In the world of things that end with "ML", SoftQuad has been around as long as anyone; originally a boutique typesetting software house, they jumped aboard the big, fast-moving profitable SGML juggernaut with their Author/Editor package. But then SGML turned out to be small, slow-moving and unprofitable. This led them on a long, strange, trip through the financial doldrums, which included a stay on the infamous Vancouver Stock Exchange, and under the influence of the still-famous HoTMetaL, an Internet semi-IPO leading to a real live Nasdaq listing. Which they are now in danger of losing; that nasty competition from FrontPage, and what is politely termed "questionable decisions by management" - one of which was buying tiny New England Alpha Software, famous for ... what was it again? ... oh yes, redistributing the "Tickle Me Elmo" game for the Sony Playstation. Now there's synergy with structured editing for ya. In the next instalment, the SQ management walked the plank and now the Alpha gamesters are running the whole show. [Wait a second; doesn't Techno 2000 do games too? -Ed.]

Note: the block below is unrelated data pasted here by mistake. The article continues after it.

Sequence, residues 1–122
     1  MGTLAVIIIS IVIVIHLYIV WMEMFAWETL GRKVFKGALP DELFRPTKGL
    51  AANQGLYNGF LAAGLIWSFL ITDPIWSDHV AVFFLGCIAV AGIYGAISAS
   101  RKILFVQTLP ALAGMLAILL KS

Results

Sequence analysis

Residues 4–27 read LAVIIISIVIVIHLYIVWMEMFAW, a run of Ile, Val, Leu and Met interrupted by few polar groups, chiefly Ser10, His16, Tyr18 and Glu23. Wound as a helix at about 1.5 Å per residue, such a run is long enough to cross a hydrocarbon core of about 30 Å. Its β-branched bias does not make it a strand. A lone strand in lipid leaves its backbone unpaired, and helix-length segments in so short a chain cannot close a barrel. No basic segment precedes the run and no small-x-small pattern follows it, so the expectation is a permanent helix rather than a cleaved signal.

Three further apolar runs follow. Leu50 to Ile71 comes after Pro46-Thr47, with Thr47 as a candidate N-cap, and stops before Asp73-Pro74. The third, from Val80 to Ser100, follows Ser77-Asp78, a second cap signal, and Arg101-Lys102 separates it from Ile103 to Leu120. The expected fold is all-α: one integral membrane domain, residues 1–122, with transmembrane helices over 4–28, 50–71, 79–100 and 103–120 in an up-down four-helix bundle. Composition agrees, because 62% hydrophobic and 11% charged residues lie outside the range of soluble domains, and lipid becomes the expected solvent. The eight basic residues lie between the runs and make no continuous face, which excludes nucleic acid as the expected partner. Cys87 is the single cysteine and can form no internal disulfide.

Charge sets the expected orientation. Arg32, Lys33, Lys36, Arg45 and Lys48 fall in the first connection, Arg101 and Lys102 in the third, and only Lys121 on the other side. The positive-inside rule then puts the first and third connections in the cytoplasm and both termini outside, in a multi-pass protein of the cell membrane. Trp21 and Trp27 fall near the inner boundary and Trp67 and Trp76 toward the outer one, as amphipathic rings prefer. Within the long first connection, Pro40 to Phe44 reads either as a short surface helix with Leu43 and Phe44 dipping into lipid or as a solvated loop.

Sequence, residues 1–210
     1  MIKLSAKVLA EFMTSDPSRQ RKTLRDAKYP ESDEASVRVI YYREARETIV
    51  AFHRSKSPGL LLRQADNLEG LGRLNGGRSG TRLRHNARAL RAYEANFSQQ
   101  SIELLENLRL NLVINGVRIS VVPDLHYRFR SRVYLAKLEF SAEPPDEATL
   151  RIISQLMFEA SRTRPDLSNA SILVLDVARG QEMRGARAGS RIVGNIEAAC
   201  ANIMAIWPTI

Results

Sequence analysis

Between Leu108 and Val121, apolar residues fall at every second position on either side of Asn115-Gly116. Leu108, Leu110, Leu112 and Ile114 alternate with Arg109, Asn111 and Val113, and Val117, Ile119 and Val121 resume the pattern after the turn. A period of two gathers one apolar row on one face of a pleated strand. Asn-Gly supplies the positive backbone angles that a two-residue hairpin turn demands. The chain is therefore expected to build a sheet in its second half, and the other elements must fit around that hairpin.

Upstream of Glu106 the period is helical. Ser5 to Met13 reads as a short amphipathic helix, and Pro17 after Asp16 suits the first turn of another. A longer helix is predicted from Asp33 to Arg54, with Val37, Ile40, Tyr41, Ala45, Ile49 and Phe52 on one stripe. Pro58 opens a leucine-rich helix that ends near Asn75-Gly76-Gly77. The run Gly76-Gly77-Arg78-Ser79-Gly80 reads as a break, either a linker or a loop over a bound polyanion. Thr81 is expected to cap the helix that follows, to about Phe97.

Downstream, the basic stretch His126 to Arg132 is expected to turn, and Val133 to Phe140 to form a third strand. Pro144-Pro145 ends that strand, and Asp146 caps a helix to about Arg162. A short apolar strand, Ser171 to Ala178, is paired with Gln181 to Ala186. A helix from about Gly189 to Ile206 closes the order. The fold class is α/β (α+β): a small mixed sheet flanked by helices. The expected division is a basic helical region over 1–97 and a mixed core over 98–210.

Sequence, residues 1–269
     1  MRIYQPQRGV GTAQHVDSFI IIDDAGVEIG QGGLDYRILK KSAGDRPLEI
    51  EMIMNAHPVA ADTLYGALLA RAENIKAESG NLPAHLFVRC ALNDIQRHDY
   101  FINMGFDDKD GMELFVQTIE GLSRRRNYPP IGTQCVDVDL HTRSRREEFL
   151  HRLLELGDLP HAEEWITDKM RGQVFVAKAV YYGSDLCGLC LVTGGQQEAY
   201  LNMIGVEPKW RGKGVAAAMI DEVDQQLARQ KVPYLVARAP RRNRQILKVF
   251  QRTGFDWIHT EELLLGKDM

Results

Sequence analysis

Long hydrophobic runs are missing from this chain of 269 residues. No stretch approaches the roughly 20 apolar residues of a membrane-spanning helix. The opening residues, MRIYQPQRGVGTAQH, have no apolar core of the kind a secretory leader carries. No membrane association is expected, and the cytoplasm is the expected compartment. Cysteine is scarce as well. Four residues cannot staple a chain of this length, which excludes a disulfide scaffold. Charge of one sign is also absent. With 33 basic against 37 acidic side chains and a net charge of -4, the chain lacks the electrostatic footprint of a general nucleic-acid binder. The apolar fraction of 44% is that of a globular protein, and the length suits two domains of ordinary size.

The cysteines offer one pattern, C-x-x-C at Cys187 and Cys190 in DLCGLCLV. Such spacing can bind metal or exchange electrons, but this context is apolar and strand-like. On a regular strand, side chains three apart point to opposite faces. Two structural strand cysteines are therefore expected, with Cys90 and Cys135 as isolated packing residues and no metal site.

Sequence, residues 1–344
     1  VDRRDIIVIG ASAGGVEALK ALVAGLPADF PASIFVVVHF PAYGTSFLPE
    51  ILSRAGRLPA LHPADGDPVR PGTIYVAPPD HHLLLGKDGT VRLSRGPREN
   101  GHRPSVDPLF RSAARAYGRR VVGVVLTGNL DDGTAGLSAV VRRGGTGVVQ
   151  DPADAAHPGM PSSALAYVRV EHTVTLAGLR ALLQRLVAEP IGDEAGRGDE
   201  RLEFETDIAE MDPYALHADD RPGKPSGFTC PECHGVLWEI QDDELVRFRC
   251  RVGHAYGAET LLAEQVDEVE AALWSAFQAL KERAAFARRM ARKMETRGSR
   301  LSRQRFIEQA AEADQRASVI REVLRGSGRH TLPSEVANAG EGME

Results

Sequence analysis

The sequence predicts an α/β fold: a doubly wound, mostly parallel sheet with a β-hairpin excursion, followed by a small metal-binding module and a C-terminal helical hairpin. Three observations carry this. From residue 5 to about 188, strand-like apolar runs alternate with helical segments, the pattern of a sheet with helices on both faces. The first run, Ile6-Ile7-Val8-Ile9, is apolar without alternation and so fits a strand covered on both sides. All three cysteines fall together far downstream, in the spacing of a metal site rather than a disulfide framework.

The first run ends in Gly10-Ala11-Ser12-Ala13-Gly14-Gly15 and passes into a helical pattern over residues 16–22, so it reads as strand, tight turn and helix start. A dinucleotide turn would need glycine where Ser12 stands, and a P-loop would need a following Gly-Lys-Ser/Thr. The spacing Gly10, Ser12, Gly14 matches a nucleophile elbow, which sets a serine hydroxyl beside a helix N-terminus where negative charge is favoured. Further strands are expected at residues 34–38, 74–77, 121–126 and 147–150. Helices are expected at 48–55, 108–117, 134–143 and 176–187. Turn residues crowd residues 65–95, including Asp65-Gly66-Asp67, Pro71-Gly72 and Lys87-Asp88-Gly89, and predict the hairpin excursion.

To make a long, dreary story short, the any-old-markup-language end of SoftQuad is on the chopping (oops auction) block [NewKidCo?? -Ed.] Since heaps of people think the Vervet mascots shown above would be an improvement on recent generations of SQ management, this can only be good news.

Olde Editors, Take 2

Corel's troubles are well-known; what is not well-known is that their moldy old WordPerfect package has long had a well-concealed SGML editor which is said to be not too bad at all.